Tiger now faces his theory test

Andy Farrell says Woods could lose at Valhalla, but don't count on it
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The Independent Online

Clearly, considering why Tiger Woods might win a major championship is a redundant exercise. His victories at the US Open, by 15 strokes, and at The Open, by eight, provide fairly conclusive proof that Woods can win any tournament, anywhere, at any time.

Clearly, considering why Tiger Woods might win a major championship is a redundant exercise. His victories at the US Open, by 15 strokes, and at The Open, by eight, provide fairly conclusive proof that Woods can win any tournament, anywhere, at any time.

He has won each of the four majors once, will go on to win each of them on multiple occasions and is intent on earning a Grand Slam not just in career terms but, as in tennis, within the same season. With the USPGA Championship at Valhalla in Louisville, Kentucky, starting on Thursday, the more interesting question is why he might not win.

There is the "weight of history" theory. Woods already holds three major titles, since he won the USPGA at Medinah last year. Jack Nicklaus achieved the feat just once, in 1972, and only one player, Ben Hogan in 1953, has won three majors in the same year.

There have been times in recent months when Woods has played not so much against his fellow competitors as history. With equal success. Given that his record winning margin at Pebble Beach broke a record that had lasted for 138 years, the 24-year-old seems able to bear the weight of history without any discomfort.

If Woods is not about to crumble under that theory, what about the "getting up for it" theory? Woods undoubtedly wants to defend his title at Valhalla. He wants to win a fifth major, and further narrow that huge gap between him and the 18 of Nicklaus. Yet there are only so many really special performances anyone can produce in a short space of time. Woods targeted the two transatlantic Opens at the start of the season as his prime goals in the millennial year.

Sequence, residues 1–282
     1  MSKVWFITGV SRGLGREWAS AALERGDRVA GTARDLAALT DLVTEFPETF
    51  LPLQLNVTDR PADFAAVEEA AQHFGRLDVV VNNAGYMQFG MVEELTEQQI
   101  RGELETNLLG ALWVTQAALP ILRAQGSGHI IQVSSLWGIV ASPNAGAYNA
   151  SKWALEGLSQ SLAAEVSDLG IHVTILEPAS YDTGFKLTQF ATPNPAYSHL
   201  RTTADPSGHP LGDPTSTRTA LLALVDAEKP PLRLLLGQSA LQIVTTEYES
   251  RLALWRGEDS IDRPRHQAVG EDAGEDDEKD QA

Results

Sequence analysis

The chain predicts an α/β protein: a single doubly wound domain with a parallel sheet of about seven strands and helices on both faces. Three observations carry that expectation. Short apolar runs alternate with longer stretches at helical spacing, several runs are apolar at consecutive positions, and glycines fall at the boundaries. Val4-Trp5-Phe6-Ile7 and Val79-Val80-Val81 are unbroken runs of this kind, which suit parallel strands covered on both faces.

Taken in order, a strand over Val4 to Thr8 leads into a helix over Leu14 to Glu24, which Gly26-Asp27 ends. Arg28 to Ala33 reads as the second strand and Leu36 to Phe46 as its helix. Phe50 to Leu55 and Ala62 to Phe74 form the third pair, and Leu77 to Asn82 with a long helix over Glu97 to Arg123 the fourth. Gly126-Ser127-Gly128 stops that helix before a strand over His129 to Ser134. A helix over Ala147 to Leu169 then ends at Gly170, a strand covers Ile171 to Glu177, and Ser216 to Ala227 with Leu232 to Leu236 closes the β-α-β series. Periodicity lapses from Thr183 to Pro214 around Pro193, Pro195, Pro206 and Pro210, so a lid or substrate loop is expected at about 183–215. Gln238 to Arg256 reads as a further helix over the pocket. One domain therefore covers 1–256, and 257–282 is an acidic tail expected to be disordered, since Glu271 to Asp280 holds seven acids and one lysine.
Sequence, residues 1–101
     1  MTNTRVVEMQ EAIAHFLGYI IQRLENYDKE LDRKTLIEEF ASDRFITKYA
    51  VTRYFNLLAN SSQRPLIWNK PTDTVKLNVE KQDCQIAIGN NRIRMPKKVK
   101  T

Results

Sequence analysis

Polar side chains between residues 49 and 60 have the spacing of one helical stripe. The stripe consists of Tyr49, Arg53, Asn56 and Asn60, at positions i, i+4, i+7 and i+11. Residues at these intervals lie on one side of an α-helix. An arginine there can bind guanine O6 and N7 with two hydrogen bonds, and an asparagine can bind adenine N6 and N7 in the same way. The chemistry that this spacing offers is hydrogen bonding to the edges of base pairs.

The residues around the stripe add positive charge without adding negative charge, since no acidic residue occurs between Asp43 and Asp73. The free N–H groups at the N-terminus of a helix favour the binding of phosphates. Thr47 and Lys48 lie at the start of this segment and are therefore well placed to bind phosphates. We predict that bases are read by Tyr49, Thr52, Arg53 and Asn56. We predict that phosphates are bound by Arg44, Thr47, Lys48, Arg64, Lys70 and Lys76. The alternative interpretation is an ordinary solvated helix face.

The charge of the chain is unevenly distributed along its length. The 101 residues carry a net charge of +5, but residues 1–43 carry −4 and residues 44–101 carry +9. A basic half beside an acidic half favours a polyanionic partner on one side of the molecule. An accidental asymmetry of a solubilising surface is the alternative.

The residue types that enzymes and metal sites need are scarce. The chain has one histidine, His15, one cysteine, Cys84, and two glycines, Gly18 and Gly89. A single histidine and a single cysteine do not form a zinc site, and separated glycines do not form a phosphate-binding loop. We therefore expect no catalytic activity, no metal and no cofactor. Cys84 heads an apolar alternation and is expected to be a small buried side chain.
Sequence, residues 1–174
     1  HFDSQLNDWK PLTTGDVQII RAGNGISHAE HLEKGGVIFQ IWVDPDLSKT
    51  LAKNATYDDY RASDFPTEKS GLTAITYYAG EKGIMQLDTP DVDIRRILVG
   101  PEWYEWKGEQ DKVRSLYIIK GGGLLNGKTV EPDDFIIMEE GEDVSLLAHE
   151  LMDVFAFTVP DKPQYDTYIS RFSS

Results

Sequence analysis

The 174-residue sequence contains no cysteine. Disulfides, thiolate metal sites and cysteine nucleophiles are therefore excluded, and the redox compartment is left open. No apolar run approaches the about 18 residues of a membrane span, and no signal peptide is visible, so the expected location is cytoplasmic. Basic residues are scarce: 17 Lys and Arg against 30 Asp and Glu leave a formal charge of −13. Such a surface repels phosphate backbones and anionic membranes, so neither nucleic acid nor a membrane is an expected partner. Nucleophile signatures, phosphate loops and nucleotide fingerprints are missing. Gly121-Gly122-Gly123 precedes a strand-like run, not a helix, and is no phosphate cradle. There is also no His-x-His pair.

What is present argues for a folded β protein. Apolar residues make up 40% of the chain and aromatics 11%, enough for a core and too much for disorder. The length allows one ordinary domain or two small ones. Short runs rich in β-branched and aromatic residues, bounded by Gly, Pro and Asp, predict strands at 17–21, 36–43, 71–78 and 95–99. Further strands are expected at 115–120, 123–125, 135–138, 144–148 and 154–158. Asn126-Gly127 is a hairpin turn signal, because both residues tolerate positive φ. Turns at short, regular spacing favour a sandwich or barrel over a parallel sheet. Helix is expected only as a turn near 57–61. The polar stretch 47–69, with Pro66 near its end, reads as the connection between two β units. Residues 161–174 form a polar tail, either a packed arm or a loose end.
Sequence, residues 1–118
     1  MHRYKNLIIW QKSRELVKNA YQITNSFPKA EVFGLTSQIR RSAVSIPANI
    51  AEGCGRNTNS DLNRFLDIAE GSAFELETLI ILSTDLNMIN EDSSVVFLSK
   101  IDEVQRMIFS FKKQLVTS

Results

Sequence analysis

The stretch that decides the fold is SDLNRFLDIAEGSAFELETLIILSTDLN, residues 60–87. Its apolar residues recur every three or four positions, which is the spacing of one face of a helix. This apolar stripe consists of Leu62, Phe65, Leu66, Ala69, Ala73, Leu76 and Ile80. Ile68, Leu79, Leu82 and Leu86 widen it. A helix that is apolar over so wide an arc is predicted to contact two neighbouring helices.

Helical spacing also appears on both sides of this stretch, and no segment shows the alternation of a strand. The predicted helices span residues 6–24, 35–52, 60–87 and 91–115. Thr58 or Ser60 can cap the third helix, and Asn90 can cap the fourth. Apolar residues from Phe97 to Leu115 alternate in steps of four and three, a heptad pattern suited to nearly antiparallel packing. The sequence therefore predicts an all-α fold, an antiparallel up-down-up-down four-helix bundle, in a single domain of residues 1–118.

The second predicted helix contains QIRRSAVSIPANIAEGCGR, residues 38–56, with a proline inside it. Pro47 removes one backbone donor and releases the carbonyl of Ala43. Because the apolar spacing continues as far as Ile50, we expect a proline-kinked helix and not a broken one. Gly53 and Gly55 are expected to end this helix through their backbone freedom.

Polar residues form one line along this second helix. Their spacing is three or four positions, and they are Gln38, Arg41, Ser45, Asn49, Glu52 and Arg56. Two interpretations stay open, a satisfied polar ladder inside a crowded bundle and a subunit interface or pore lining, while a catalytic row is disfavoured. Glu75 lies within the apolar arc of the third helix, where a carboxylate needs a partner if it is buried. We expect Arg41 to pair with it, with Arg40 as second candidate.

Until St Andrews, he had not been able to produce two such towering performances in the same year. Before he turned professional, Woods already displayed his amazing ability to peak when he most wants to in winning three successive US Juniors and then three successive US Amateurs. Since turning pro in 1996, Woods has said the hardest thing is trying to peak four times a year. He is getting closer, but has not proved he is there yet.

Then there is the strength in depth theory. This has taken something of a hammering recently with Woods removing any kind of competitive drama from the last nine holes of the last two majors. Yet only a couple of months ago, the game was meant to have been enjoying the greatest pool of top-quality players ever. Nicklaus has been keen to suggest that he faced more competition in Arnold Palmer, Gary Player, Lee Trevino, Johnny Miller and Tom Watson, all multiple major champions.